Ranthambore is considered as one of the best national parks in the world. Here you can see very famous Bengal tigers, many other wild animals and birds
The Ranthambhore Tiger Reserve lies in Rajasthan's eastern districts of Sawai Madhopur and Karauli. Chambal river lies on the eastern side of the tiger reserve, at a distance of a few kilometers and the river Banas flows through the reserve. Even though most of the Ranthambhore tiger reserve is open to visitors, most visitors visit only the Ranthambore national park. This is because the national park is the best tiger habitat in the entire Project Tiger reserve and has some fantastic wildlife viewing to offer. All the tiger safaris in Ranthambore are conducted in the national park because this is the only part of the entire Project Tiger reserve that has a healthy and visible population of wild tigers. The other parts of the reserve are not very rich in wildlife, definitely not as rich as the Ranthambore national park.
During the 19th century there was excellent forest cover almost all over India. The population density was very low and exploitation of forests to fulfill local needs was negligible. During that period the forests of Ranthambhore were the private and exclusive hunting reserves of the Jaipur and Karauli royal family.
By the end of the first quarter of the 20th century, the need for conservation of forests and wildlife was being felt all over India. The population was growing rapidly and the forests were coming under pressure. The Rajasthan forest Act. was enacted in 1953, giving these forests some legal protection. In 1955, these forests were declared as "Sawai Madhopur sanctuary" and the practice of sale of forest produce through "royalty permits" came to an end. This was when the forests of Ranthambore received their first "real" protection. However, legal hunting continued unabated till 1973 and by then the tiger population was almost totally decimated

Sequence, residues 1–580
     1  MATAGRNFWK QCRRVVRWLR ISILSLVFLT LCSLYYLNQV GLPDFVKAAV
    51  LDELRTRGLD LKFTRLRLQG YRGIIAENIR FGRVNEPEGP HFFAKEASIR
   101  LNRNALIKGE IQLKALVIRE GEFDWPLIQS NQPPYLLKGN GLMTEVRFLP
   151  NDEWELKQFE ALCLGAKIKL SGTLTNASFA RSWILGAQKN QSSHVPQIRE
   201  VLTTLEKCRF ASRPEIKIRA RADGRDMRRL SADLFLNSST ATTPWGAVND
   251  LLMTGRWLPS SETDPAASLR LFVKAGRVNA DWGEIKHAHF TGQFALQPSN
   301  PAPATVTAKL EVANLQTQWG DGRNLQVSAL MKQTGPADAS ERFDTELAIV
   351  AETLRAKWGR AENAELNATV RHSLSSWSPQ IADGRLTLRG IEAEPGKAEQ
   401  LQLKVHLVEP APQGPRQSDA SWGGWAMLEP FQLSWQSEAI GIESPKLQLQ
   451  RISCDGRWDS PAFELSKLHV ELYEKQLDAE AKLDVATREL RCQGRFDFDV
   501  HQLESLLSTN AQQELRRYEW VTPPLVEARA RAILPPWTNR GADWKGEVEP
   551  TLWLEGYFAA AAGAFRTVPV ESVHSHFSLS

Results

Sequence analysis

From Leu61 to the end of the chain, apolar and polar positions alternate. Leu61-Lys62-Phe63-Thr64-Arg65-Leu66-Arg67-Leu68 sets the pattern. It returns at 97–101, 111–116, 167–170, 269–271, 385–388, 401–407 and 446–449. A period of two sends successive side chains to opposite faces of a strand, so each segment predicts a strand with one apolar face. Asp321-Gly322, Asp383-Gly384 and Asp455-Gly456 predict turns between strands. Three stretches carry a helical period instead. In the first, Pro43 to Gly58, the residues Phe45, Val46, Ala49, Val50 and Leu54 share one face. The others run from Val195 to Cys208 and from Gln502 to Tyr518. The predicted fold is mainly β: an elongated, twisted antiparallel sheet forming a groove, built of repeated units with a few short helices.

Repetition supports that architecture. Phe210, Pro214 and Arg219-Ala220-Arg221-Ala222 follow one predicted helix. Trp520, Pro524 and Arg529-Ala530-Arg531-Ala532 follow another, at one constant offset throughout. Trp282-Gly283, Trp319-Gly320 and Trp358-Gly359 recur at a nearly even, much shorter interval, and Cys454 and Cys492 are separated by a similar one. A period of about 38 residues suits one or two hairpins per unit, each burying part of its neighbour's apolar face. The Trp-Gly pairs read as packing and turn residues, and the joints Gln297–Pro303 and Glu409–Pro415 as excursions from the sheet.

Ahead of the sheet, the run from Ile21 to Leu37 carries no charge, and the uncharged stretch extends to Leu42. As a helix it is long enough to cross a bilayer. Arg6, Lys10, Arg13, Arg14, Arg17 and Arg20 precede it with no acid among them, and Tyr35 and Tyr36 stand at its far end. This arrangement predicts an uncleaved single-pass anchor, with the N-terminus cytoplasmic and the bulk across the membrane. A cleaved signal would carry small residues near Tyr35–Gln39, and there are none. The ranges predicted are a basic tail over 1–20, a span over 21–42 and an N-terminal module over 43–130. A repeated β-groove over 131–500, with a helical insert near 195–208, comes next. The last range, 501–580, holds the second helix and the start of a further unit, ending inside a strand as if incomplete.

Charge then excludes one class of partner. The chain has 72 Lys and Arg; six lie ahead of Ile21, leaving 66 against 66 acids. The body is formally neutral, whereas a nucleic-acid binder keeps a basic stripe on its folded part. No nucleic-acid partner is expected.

In 1973 a part of this Sawai Madhopur sanctuary came under Project tiger scheme. At that time there were 16 villages inside the sanctuary but between 1976 and 1979, 12 of these villages were shifted outside the sanctuary. In 1980, in order to give greater protection to the forests, an area of 282.03 sq. k.m. of the inner part of Sawai Madhopur sanctuary was declared as national park. Since then the state Government stopped collection of any forest produce from sanctuary and national parks. During the 1970s, tiger sightings were extremely rare in Ranthambhore but by the mid and late 1980s, as a result of the decade long protection given to the forests, Ranthambhore became the best place in the world to see wild tigers. Ranthambhore tiger reserve attained notoriety for illegal poaching of tigers in the year 1992. Since then the forest authorities became very strict and now, generally speaking, poaching is not a serious threat in these forests. Since 1992, the tiger population has gradually recovered and in 2002 the Park boasted of nearly 40 tigers, a density of nearly 10 tigers per 100 square k.m. - which is one of the highest in the world.